As part of the dispositive provisions, it is typical and the trust should contain a reference to a handwritten the list. Most, if not all jurisdictions should have a statute that allows the Grantor to provide those items of tangible personal property, typically household goods, furnishings, furniture, etc. to the individuals named. It is common to have this provide to individuals that may not otherwise inherit. Family heirlooms are one type of personal property that typically gets passed down to the next generation but not necessarily inheriting any other assets. If the handwritten statement does not exist, there is typically a provision that states how the items of tangible personal property will be distributed. It has been the author’s experience that items of personal property that have sentimental value produces the largest family conflicts. Distribution of grandma’s rolling pin and favorite baking dish can cause fights that run more deep than disputes of disposition of cash.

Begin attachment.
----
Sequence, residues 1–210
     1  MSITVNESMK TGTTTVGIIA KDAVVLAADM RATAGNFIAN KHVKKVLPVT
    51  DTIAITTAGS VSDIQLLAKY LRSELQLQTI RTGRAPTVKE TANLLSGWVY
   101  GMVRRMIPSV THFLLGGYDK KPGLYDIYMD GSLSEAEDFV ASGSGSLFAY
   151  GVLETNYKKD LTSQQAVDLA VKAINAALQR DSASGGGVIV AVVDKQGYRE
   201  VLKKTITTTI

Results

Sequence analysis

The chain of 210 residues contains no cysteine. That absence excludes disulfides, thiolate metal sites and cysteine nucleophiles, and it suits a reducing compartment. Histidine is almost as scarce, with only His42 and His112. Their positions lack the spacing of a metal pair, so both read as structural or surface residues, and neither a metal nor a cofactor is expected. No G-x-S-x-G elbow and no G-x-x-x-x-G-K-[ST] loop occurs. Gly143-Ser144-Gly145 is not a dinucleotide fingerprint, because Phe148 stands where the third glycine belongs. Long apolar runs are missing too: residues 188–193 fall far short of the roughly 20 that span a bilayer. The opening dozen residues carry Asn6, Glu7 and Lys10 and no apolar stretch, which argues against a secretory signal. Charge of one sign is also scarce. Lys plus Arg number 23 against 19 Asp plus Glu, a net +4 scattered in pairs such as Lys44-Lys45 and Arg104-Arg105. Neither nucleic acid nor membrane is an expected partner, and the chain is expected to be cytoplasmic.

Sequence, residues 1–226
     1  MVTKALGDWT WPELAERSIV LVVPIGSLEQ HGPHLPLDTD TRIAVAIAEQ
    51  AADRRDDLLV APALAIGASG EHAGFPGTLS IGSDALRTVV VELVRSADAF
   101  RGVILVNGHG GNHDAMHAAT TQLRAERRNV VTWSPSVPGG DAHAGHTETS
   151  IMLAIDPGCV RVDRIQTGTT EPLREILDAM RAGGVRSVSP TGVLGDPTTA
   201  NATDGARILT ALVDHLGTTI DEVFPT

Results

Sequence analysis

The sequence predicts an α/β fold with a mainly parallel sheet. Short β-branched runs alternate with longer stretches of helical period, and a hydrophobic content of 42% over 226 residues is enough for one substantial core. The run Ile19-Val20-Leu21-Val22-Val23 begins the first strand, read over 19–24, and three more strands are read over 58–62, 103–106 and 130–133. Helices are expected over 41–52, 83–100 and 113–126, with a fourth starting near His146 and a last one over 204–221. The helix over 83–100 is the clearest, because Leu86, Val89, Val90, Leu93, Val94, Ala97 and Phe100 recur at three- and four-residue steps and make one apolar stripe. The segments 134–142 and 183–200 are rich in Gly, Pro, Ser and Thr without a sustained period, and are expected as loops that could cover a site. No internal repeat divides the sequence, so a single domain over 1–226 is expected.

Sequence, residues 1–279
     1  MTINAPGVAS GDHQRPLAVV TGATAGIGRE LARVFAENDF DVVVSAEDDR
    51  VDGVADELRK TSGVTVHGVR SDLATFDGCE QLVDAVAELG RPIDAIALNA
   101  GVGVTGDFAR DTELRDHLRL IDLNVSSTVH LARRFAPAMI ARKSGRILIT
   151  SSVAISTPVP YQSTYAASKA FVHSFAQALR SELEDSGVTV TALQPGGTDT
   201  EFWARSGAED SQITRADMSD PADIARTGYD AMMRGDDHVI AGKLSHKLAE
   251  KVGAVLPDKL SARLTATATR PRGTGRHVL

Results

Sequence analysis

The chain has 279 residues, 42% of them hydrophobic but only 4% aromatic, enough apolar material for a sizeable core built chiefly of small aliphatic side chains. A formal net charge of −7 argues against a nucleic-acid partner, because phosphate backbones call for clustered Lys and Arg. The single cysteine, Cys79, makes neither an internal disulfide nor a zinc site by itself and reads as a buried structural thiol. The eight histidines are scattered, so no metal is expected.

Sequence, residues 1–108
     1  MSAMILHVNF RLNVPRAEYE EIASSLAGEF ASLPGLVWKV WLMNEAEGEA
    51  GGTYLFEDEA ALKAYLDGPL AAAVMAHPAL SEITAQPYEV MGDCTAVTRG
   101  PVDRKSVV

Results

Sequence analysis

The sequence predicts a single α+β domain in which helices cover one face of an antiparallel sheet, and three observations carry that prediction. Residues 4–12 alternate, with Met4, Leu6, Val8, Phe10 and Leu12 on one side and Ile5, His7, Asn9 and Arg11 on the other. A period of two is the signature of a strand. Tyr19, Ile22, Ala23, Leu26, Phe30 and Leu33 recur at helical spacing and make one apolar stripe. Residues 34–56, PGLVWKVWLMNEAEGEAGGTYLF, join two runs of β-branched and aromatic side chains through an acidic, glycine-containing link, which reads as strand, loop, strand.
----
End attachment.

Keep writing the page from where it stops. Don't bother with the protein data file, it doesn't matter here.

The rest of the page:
After the tangible personal property, it is common and the trust should contain how the assets are to be distributed. This could be in bulk by stating for example “1/2 to each of my two children equally”; it could also provide on a percentage basis to individuals. If the Grantors desire that certain assets be distributed to certain individuals, for example, real estate, the Trust should identify with particularity that asset. Other than that, it is common for the trust to refer to the “rest, residue and remainder”. This provides that all of the remaining property gets distributed to the persons named. It is not necessary that each person receives an equal share of each of the assets. the only thing that is required is that the value of the rest, residue and remainder to be distributed is equal to each of the persons if that is what the Trust calls for.